Here's the routine maintenance for the windows systems:

Scandisk for the systems still running 98
Spybot
Ad-Aware
A2 worm remover
AVG full scan
Disk cleanup to remove temp files (can be done on startup, but doesn't always work)
Diskeeper (defragmentation)
Windows update
AVG update
Spybot update
Ad-Aware update
A2 update
and a few minor things.


Now, let's step over to the Linux side.

If this business ran Linux, here's what they'd have:

No virus/spyware/ad-ware/hijacker worries whatsoever. No need for anti-virus and spyware/worm removers. No money and time spent updating those programs, no money and time spent calling me to remove stuff that the programs can't.

No worries about e-mail attachments, not having to be interrupted because AVG popped up with a virus notice when checking e-mail.

No worries about maintenance, at all. That's right. Look at the Windows maintenance above. Now look at the maintenance required for a desktop Linux system:








That's right, that's the maintenance I do for my systems. I use it every day for a LOT of different stuff and I do nothing for maintenance. Not even cleaning /tmp.

Then let's toss in the fact that they can laugh about any worm threats on the news, because oh hey! That doesn't matter, I'm running Linux, a worm won't bring my system down.

Then we can add the fact that they can run Linux 24/7 without having to restart due to memory leakage, bugginess, etc. The fact that it's more stable and secure, on and on.

Now let's cover your requirements BC:

Web page: for a small business, a hosting company such as Prohosters (running FreeBSD) would be a better idea than running their own web server. If they wanted to host their own, a server running Linux and Apache is easy enough to setup, and better than the Windows solution (you use that combo yourself).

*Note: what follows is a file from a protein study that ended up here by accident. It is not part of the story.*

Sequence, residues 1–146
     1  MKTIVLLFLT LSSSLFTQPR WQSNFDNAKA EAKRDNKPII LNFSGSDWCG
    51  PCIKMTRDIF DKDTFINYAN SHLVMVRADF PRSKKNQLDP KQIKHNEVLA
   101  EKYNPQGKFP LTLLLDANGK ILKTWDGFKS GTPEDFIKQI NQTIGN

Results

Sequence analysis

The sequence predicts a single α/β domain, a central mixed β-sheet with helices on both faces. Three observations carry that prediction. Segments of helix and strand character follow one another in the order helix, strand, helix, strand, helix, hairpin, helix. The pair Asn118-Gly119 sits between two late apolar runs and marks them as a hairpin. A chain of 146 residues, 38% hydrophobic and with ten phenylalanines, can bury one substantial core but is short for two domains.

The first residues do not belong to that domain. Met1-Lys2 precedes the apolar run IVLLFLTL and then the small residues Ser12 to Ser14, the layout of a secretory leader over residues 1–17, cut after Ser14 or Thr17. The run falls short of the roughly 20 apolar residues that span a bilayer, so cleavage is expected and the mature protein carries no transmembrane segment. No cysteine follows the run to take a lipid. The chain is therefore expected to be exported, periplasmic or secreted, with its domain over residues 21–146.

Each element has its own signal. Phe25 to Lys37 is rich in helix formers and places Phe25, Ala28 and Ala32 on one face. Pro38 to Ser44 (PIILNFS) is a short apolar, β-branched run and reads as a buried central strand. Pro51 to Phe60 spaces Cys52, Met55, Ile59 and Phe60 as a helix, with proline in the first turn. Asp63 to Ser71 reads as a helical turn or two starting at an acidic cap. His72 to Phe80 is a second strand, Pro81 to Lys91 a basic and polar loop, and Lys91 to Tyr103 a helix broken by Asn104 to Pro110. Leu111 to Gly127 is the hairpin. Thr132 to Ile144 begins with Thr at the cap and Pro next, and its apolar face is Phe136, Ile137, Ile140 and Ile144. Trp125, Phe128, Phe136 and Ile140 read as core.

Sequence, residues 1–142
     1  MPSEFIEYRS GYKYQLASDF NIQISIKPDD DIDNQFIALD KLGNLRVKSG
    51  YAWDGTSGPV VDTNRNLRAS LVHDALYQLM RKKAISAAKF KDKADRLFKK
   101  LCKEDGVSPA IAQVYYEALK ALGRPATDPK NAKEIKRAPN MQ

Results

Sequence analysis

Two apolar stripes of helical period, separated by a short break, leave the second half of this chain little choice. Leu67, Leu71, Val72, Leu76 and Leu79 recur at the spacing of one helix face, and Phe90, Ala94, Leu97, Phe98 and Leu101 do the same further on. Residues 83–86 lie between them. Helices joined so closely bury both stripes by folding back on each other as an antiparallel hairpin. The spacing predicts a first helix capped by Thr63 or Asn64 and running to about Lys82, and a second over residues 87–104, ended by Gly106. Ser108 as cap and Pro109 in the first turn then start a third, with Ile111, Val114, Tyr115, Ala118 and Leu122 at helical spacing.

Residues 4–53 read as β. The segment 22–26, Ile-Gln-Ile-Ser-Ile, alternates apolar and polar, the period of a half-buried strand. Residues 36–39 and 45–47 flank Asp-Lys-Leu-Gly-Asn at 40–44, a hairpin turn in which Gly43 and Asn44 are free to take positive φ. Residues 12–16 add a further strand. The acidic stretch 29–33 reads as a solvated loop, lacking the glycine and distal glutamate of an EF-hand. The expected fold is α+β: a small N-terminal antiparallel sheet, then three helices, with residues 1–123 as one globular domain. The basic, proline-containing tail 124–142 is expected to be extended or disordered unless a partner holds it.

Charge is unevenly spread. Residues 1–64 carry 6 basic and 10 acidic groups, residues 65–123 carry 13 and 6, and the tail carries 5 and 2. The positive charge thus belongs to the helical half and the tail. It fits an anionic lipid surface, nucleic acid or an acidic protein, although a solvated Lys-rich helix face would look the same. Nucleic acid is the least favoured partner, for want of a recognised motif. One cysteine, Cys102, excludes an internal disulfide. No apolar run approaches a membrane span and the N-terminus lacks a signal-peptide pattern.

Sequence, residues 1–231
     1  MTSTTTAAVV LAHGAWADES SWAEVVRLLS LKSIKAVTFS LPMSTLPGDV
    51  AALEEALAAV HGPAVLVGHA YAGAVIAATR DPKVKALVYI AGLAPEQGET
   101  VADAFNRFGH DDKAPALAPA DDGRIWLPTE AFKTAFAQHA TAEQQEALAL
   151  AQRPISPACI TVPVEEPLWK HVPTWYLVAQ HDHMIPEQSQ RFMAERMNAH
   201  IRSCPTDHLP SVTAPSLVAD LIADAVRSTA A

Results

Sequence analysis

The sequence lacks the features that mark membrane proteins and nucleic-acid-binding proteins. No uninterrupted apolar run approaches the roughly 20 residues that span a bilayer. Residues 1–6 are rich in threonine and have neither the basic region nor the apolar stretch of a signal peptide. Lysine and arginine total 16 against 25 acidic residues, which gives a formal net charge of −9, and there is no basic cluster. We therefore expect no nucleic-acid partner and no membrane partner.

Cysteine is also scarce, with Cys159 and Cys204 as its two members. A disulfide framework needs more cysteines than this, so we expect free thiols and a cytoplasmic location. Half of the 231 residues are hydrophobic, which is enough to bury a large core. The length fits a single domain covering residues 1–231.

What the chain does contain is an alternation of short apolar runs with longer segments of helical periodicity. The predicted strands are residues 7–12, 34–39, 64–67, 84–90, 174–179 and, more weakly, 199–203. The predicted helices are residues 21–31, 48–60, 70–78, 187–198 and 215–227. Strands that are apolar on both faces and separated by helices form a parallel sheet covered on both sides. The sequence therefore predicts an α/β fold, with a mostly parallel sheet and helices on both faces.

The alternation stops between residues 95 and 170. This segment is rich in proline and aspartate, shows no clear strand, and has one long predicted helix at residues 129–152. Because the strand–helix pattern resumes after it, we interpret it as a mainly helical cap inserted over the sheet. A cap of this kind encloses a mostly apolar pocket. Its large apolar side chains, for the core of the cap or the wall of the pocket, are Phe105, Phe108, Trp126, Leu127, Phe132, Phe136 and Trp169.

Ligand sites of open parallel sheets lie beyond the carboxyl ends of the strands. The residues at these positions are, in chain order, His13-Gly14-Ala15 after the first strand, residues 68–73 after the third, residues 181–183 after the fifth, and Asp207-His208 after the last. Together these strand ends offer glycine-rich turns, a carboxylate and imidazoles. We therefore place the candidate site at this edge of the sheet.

Internet access is not a problem of course, neither is email and printing. I set up my printer computer as an internet gateway, DHCP server, and local and remote DNS and it worked fine. Now I am back to using the main computer running windows for the internet connection (because I'm moving and taking the printer computer with me) and am having trouble with some stuff.

Spreadsheets, presentations, memos and documents are all handled by Open Office, which can save files in MS formats if needed by other people outside the office.

Access to all their stuff: I assume you mean over the network, or do you mean from anywhere over the internet? Either way is not a problem because each user can access their files via SSH or SFTP, or a webserver can be set up and their files can be kept in the public_html directory with a password prompt when accessed over the internet with a browser.


You end with a "WHY?". WHY because of the points I've already made.

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thePMG
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PostPosted: Sun, 23 May 2004 16:36:11    Post Subject: Reply with quote View Single Post

Dr. EvilCheeze wrote:

OK, so you admit... you have no real world experince... only in home usage. OK... so then how do you suppose that makes you capable of properly evaluating all those systems??


I never said that I did, you made an assumption. You gave out the hypothetical situation, I answered with what I knew, and you seem very intent on proving me wrong, and I really don't know why.

Dr. EvilCheeze wrote:
Also, no one has answered any of my questions about the different OS's?? What are the differences? What are the strengths, weakness? What makes any/one better than the others??


Read a few posts up, I asked you to elaborate on what you wanted with that question. Did you miss that?

Dr. EvilCheeze wrote:
Hell... I'll even give you a scenario. (Too which there isn't a right answer)

You are responsible for setting up a new company with 2 offices. They need e-mail, a wep page for information only (no selling, etc), printing, internet access. They do a lot of spreadsheets, presentations, and memo's, documents, etc... They have several people that go back and forth between the two offices and they need access to all their stuff.